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Best Practices Workshops

 
 

There is a great deal of experience and wisdom about international education already on the Global Partners campuses. The Best Practices Task Force looked for ways to share that experience and wisdom. One way was through a series of workshops for faculty and administrators from around the three consortia. These workshops focused on specific ways to improve off-campus study programs. The workshops, designed for approximately 15 to 20 participants, were be led by experts from the forty-two colleges, and will take place between fall 2004 and fall 2005. The workshops are listed below.

Developing cross-cultural studies programs
Cross-cultural and intercultural education has been a theme throughout the Best Practice work. International students coming to the US and American students going abroad both deal with substantial cultural transitions and tensions. This workshop looked at that transition process as an educational opportunity, and, using the program at Carleton College as a model, examined ways to develop a cross-cultural studies program. This workshop was held October 28-29, 2005 at Carleton College. For more information click here.

Disability issues and study abroad
Colleges across the three consortia are working to increase the number of their students that study abroad. In this work they must accommodate students with medical concerns or other disabilities. At this workshop at Oberlin College in January 2005, workshop participants shared their experiences and best practices in dealing with medical and disability issues. A report and resources are available here.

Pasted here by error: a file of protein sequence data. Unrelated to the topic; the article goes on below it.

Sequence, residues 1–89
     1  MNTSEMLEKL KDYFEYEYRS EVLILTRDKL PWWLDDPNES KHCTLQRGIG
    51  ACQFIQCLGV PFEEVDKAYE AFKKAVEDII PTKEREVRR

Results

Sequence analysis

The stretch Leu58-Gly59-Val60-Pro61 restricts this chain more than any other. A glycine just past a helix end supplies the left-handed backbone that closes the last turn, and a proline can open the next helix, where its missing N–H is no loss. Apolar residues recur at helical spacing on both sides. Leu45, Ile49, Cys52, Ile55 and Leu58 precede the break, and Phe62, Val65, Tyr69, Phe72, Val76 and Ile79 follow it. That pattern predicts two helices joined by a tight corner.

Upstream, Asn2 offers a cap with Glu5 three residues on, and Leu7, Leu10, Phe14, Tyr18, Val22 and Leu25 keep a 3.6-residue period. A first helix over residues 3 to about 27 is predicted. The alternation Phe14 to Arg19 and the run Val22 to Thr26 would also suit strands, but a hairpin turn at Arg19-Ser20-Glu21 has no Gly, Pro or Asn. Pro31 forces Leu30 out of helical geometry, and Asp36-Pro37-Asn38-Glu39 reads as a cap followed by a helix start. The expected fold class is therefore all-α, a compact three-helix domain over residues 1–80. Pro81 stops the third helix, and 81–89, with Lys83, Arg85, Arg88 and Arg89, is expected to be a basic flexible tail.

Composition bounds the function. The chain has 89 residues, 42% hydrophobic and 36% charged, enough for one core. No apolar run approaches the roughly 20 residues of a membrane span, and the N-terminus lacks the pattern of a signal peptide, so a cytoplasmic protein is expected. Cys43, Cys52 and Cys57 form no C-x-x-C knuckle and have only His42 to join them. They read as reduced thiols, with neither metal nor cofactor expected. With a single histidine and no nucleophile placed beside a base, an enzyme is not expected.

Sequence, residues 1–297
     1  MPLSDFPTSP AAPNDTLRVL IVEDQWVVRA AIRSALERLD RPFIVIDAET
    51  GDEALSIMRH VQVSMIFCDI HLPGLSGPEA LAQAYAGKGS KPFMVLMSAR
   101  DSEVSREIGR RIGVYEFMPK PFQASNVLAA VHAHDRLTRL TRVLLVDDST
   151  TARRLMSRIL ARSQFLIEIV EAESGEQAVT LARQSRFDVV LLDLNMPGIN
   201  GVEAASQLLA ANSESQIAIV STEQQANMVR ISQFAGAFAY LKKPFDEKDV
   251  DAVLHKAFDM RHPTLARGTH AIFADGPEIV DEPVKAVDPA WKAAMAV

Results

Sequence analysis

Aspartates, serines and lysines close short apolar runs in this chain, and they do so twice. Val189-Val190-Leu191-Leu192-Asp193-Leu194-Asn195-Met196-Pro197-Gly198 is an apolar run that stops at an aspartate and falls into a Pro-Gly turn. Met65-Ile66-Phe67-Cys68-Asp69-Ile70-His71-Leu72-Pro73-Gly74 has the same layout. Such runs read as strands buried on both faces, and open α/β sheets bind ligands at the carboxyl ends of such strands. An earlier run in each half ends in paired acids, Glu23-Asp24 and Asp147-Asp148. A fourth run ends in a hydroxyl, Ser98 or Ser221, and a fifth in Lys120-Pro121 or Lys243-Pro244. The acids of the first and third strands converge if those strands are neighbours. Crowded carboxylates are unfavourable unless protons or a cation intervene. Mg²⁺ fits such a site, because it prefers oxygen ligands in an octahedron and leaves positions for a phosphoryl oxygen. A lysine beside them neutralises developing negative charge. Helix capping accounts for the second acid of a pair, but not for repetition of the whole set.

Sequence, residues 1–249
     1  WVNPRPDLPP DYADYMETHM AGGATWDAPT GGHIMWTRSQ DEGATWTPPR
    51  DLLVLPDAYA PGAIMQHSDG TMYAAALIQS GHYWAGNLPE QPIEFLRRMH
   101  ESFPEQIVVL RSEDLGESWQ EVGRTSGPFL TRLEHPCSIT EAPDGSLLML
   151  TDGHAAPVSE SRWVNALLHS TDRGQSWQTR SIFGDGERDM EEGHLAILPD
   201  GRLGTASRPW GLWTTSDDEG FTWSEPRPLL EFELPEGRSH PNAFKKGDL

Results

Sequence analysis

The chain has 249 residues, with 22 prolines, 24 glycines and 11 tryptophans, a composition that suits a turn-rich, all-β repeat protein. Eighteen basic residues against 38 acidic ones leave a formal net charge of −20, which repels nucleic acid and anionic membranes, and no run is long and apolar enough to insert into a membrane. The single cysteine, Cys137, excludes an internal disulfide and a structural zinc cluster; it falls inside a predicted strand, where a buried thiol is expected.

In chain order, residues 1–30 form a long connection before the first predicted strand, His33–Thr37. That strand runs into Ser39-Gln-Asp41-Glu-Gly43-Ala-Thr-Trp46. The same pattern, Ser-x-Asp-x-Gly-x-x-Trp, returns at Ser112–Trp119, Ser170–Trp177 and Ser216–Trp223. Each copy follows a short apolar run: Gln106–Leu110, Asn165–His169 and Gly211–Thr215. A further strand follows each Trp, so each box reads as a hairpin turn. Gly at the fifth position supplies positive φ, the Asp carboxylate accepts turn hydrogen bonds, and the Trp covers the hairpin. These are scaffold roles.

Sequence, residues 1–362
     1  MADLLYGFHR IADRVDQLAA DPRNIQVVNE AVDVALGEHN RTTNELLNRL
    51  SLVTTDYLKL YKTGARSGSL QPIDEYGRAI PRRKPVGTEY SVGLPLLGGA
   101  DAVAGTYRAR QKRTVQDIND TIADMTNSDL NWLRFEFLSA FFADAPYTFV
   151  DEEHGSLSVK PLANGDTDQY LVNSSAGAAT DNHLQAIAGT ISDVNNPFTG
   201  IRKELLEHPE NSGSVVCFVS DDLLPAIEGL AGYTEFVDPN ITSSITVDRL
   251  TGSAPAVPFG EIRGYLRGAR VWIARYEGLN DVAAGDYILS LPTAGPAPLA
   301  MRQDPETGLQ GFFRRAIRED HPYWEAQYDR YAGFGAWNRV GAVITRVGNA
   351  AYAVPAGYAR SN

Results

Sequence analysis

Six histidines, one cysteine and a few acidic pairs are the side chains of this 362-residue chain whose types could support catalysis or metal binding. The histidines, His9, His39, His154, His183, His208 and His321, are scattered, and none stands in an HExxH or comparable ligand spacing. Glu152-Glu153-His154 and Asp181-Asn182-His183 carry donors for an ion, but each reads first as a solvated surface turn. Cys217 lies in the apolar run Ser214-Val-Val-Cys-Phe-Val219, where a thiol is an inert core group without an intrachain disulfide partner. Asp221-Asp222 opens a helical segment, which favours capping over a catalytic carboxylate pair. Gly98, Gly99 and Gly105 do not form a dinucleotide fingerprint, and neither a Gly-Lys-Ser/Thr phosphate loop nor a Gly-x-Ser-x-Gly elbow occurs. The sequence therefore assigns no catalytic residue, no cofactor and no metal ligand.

Liberal arts and international education
This was a workshop designed for campus administrators whose principle responsibilities involve directing an off-campus study, international education and/or experiential learning office. As a group they evaluated the educational goals of off-campus study and the pedagogical activity associated with off-campus study administration--advising, programming, courses, etc.--in relation to the full scope of the liberal arts project. They explored critically the ways in which our failure to engage directly with the broader pedagogical context of our campuses might be serving to diminish the perceived educational value of off-campus study, The workshop was held August 4-5, 2005, at Southwestern University. For more information click here.

Off-campus study opportunities for science students
Because of their structured courses and the importance of lab work, students in the physical sciences rarely get opportunities to study internationally. Some colleges and consortia, however, have developed programs designed to meet the special needs of science students. In this workshop leaders of these programs described their work and helped participants develop programs for studying science internationally. The workshop took place in October 2004 at Beloit College.

Recruiting and training faculty for taking students abroad
One of first ideas discussed in Global Partners meetings was the need for more (and better prepared) faculty to lead off-campus study programs-in part because of generational changes among faculty across the consortia. Deans and international program directors have reiterated this need in recent years. This workshop discussed the cross-cultural and pedagogical character of study abroad, as well as some of the nitty-gritty administrative responsibilities. This workshop was held April 15-16, 2005 at St. Olaf College. Click here for more information and some resources for preparing faculty.

 

   

updated 11/29/05

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